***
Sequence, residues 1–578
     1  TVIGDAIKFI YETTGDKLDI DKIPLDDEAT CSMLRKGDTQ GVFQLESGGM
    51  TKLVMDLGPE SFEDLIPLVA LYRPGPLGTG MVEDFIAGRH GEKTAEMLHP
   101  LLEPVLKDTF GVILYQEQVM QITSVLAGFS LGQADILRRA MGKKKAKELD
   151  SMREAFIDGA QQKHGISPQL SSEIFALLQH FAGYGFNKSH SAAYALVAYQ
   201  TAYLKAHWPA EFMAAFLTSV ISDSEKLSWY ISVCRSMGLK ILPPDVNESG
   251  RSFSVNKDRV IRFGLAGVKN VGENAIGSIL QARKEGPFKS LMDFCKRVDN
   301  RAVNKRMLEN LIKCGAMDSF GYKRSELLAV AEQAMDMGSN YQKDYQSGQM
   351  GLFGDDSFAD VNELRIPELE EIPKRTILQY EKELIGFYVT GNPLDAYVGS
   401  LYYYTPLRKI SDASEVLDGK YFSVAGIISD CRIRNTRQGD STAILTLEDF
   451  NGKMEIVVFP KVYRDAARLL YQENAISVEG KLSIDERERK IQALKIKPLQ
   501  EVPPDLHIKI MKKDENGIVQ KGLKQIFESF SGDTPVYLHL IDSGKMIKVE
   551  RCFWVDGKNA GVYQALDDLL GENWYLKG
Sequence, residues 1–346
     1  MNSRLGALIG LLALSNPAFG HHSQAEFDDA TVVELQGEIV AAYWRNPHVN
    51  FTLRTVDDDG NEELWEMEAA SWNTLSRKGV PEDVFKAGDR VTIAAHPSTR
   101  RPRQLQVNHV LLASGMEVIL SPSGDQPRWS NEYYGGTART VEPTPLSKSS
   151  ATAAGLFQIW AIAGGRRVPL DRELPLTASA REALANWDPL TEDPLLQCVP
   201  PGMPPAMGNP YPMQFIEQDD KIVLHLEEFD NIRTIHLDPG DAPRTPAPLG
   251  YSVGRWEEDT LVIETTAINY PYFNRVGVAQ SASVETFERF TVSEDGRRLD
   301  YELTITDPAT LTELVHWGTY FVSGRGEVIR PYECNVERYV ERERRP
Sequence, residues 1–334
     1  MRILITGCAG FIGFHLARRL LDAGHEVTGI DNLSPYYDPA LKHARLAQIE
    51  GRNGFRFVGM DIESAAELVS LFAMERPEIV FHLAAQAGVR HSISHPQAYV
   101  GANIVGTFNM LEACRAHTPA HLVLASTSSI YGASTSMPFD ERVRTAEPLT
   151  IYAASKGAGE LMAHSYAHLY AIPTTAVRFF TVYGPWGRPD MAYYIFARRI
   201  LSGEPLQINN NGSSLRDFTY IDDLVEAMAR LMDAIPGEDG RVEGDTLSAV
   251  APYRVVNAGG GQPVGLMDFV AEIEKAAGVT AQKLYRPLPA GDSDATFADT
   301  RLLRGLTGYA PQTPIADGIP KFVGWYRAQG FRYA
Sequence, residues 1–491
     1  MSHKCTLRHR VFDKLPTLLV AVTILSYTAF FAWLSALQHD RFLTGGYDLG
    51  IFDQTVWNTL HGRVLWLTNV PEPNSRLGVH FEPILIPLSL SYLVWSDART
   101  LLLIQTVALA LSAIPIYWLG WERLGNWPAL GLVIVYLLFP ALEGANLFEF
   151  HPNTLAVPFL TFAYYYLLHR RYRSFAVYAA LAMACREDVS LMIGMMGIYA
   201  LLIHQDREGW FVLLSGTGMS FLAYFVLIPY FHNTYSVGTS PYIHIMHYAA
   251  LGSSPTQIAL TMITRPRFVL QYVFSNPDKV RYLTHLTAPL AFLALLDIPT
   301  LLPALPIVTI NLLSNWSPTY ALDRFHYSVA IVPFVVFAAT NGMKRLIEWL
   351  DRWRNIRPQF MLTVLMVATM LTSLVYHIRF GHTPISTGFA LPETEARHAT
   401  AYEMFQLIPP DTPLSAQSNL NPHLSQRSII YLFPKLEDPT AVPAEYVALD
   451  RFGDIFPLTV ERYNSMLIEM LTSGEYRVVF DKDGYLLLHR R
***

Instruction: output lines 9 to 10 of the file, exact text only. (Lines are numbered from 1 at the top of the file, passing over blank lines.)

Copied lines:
   351  GLFGDDSFAD VNELRIPELE EIPKRTILQY EKELIGFYVT GNPLDAYVGS
   401  LYYYTPLRKI SDASEVLDGK YFSVAGIISD CRIRNTRQGD STAILTLEDF